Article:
The UKPollingReport election guide for 2010 has now been archived and all comments closed. The new Election Guide for the 2015 election is now online at The old site is archived at the UK Web Archive.


2010 Results:
Conservative: 27155 (48.53%)
Labour: 3051 (5.45%)
Liberal Democrat: 24107 (43.08%)
UKIP: 1139 (2.04%)
English Democrat: 503 (0.9%)
Majority: 3048 (5.45%)

Notional 2005 Results:
Liberal Democrat: 27937 (51.6%)
Conservative: 19893 (36.7%)
Labour: 4793 (8.9%)
Other: 1514 (2.8%)
Majority: 8044 (14.9%)

Actual 2005 result
Conservative: 23749 (38.5%)
Labour: 4782 (7.8%)
Liberal Democrat: 31225 (50.6%)
UKIP: 1321 (2.1%)
Other: 581 (0.9%)
Majority: 7476 (12.1%)

2001 Result
Conservative: 22648 (38.3%)
Labour: 3498 (5.9%)
Liberal Democrat: 32282 (54.6%)
UKIP: 664 (1.1%)
Other: 66 (0.1%)
Majority: 9634 (16.3%)

1997 Result
Conservative: 26098 (42.1%)
Labour: 6528 (10.5%)
Liberal Democrat: 26100 (42.1%)
Referendum: 1598 (2.6%)
Other: 1730 (2.8%)
Majority: 2 (0%)

Boundary changes: the old Winchester seat had one of the highest populations in the country, and as such Winchester undergoes major changes, with the City of Winchester District Council area now being split between two seats. The large rural eastern part of the council area, including Bishop`s Waltham and Wickham is separated out to form the core of the new

Profile: An affluent and fast growing city in Hampshire, the seat contains Winchester itself, once the capital of England, and picturesque surrounding towns and villages such as Twyford and New Alresford, and now the housing estates of Chandler`s Ford and Hiltingbury. In 2006 a Channel 4 programme announced that Winchester was the best place in the UK to live.

The constituency has an equally picturesque political history. The seat had been Conservative since 1950, but in 1992 the then Conservative MP John Browne was deselected having been suspended from the Commons for accepting cash for questions. Browne subsequently stood as a independent Conservative against the new Tory candidate, former MP Gerry Malone. Browne lost and has subsequently stood for UKIP in varous elections.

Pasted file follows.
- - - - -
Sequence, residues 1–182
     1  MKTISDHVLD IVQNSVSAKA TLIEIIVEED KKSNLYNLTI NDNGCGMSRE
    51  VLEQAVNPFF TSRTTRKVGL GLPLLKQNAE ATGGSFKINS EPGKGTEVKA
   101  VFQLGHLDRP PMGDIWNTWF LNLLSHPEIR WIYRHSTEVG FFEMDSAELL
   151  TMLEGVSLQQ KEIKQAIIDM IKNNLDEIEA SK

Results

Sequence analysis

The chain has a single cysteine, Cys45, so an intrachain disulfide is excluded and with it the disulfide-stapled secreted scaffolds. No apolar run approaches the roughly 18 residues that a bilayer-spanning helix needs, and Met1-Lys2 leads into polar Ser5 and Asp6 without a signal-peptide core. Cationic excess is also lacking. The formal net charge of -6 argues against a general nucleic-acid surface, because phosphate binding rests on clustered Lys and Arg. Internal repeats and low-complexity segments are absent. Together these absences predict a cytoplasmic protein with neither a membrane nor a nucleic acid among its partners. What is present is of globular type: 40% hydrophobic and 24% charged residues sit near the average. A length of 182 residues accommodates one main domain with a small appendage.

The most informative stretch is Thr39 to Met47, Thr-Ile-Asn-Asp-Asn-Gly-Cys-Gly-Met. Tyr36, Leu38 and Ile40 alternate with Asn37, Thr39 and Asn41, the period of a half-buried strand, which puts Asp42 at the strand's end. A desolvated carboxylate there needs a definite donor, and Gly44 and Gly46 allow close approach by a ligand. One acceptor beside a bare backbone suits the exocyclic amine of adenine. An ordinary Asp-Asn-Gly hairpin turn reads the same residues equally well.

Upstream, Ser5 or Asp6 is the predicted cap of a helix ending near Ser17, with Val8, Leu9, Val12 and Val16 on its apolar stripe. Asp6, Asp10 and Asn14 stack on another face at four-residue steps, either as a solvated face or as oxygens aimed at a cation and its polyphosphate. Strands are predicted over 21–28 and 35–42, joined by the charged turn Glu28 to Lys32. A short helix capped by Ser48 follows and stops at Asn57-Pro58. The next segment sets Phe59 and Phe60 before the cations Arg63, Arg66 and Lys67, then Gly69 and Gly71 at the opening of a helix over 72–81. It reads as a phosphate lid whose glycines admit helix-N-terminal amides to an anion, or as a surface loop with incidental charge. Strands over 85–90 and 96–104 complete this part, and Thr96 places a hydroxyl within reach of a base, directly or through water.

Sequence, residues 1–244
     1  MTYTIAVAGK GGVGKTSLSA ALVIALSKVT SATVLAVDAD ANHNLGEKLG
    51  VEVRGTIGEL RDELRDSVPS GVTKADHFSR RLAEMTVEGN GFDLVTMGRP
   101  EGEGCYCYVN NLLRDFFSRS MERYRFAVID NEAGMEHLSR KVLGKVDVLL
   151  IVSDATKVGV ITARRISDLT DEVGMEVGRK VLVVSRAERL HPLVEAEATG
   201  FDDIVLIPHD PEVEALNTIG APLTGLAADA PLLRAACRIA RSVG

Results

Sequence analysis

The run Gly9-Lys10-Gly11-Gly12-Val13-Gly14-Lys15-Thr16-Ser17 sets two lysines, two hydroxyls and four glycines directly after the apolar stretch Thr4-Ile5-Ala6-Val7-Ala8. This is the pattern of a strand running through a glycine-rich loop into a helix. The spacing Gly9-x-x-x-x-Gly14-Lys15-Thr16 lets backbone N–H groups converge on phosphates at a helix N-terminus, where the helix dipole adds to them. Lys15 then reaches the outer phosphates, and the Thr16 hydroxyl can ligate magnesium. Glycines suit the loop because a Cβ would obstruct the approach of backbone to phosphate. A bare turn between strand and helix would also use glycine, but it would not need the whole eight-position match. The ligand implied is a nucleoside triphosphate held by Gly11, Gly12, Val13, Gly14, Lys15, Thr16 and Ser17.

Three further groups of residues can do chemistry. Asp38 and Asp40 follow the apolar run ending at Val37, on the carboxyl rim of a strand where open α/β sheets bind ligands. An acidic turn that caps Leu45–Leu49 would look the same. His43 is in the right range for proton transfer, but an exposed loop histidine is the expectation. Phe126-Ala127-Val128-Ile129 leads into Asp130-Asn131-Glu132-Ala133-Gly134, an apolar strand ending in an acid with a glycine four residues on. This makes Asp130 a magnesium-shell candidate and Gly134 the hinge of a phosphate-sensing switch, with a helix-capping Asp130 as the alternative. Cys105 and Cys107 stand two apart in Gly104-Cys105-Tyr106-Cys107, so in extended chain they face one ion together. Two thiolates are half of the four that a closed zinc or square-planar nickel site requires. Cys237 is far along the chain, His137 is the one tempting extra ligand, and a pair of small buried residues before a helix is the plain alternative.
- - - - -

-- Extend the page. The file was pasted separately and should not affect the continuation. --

Five years later Malone himself was defeated by 2 votes by Mark Oaten in 1997, despite the intevention of serial spoiler candidate Richard Huggett, who stood as a “Liberal Democrat Top Choice for Parliament” and won 640 votes. The Conservatives successfully challenged the result in court and the election was re-run, but the perception of being a sore loser saw a huge swing against Malone at the subsequent by-election, making Winchester one of the safest Liberal Democrat seat in the country. It remains to be seen whether the circumstances of Mark Oaten`s retirement turn the seat away from the Liberal Democrats.

portraitCurrent MP: Steve Brine (Conservative) Works in Public Relations for the golf industry. Former BBC radio producer, CCO researcher and Conservative Party Area campaign Director for Hampshire.

2010 election candidates:
portraitSteve Brine (Conservative) Works in Public Relations for the golf industry. Former BBC radio producer, CCO researcher and Conservative Party Area campaign Director for Hampshire.
portraitPatrick Davies (Labour) born 1943. Educated at Perse School and Oxford University. Solictor. Winchester councillor 1973-1976, 1980-2006. Contested Winchester 1997, 1997 by-election, 2005.
portraitMartin Tod (Liberal Democrat) born 1964, Liverpool. Educated at Cambridge University. Former marketing director of Procter & Gamble and head of brand and marketing communications in the UK for Vodafone, now an independent business consultant. Ran the internet campaign for Menzies Campbell`s leadership bid in 2006. Contested North West Hampshire in 2005 and Ealing Acton and Shepherd`s Bush in 2001.
portraitJocelyn Penn-Bull (UKIP)
portraitMark Lancaster (English Democrat)

2001 Census Demographics

Total 2001 Population: 90448
Male: 48.7%
Female: 51.3%
Under 18: 20.8%
Over 60: 22.8%
Born outside UK: 7.7%
White: 97.3%
Black: 0.3%
Asian: 0.9%
Mixed: 0.8%
Other: 0.7%
Christian: 75.5%
Full time students: 6.8%
Graduates 16-74: 30.8%
No Qualifications 16-74: 17.7%
Owner-Occupied: 72.2%
Social Housing: 15.5% (Council: 10.7%, Housing Ass.: 4.8%)
Privately Rented: 8.1%
Homes without central heating and/or private bathroom: 3.3%

NB - The constituency guide is now archived and is no longer being updated. It will be replaced by a new guide in 2013, once the fate of the boundary review is finally settled.